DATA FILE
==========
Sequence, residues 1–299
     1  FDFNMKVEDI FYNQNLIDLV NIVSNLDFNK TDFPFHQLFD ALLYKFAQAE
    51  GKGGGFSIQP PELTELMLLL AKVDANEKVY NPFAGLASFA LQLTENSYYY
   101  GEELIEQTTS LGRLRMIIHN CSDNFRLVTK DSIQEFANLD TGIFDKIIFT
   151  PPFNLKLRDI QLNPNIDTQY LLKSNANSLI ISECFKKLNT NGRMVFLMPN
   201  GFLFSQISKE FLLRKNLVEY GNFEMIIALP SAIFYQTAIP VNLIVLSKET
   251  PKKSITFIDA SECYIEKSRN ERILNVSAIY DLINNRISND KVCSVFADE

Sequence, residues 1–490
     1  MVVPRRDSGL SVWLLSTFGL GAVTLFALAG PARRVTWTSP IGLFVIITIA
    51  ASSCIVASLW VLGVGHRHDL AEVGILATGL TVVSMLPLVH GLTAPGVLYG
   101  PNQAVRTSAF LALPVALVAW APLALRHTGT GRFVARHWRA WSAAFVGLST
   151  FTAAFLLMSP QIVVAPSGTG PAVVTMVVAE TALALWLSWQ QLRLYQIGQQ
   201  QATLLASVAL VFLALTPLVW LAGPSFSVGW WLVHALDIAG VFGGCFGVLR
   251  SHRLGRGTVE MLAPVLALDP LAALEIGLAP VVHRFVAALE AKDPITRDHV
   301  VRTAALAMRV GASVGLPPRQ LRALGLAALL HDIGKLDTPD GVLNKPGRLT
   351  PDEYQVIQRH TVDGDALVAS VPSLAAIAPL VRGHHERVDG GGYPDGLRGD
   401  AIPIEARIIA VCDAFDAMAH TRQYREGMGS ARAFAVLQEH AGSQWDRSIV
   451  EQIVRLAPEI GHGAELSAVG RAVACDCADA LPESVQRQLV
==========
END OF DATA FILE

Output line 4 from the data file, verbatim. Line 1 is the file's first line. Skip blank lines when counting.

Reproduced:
   101  GEELIEQTTS LGRLRMIIHN CSDNFRLVTK DSIQEFANLD TGIFDKIIFT